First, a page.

Last weekend’s sheep-shearing thing was a hairy good time

Last weekend’s sheep-shearing thing was a hairy good time

Prospect Park’s sheep got a little off the top — and sides, and legs and chests — at their annual shearing last weekend.

More than 4,000 people came to Prospect Park for this year’s Fleece Festival, to watch the zoo’s sheep get their haircut.

The ovine trim is an annual pre-summer refreshing rite of passage for the zoo’s Babydoll sheep and the rarer Jacob Four-Horned and Cotswald breeds.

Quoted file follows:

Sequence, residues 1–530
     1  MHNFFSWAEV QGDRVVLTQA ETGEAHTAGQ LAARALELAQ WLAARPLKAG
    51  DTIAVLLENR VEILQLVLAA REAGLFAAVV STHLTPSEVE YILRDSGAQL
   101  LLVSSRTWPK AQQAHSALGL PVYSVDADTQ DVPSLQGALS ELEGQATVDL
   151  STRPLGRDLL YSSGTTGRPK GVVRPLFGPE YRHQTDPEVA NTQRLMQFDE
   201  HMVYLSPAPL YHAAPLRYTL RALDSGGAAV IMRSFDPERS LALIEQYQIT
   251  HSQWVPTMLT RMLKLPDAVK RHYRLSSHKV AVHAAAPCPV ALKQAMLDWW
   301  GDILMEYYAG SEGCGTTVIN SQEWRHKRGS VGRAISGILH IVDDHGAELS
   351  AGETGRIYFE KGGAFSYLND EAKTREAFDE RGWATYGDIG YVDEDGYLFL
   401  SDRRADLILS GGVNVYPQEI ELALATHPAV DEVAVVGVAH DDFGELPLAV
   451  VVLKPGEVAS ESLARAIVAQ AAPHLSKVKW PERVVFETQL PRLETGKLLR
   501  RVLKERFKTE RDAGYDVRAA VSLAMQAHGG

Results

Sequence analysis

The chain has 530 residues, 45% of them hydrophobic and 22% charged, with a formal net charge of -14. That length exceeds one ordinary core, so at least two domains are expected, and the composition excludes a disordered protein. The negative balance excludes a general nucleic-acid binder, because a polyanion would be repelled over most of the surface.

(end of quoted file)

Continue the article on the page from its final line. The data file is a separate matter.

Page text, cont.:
Expert shearer Donald Kading — who’s trimmed 120,000 sheep and counting — was the man with the blades.

“People always say, ‘Wow, I thought you had to sedate the sheep with drugs,’” he said. “But once the sheep feel secure and not threatened, they let you shear them the way that gets the wool off nice and smooth.”

And city slickers seem to like the process, too.

“It’s always fun to teach the people who don’t see or understand where their wool sweaters come from,” said Kading, a sheep farmer since age 3.

After the haircut, the wool was taken to the nearby Lefferts Historic House for a child-friendly primer on spinning, knitting and dyeing.

Veteran shearer Donald Kading gives a trim to Wallace, a young Cotswold sheep, at Prospect Park Zoo’s annual Fleece Festival last weekend.
Photo by Elizabeth Graham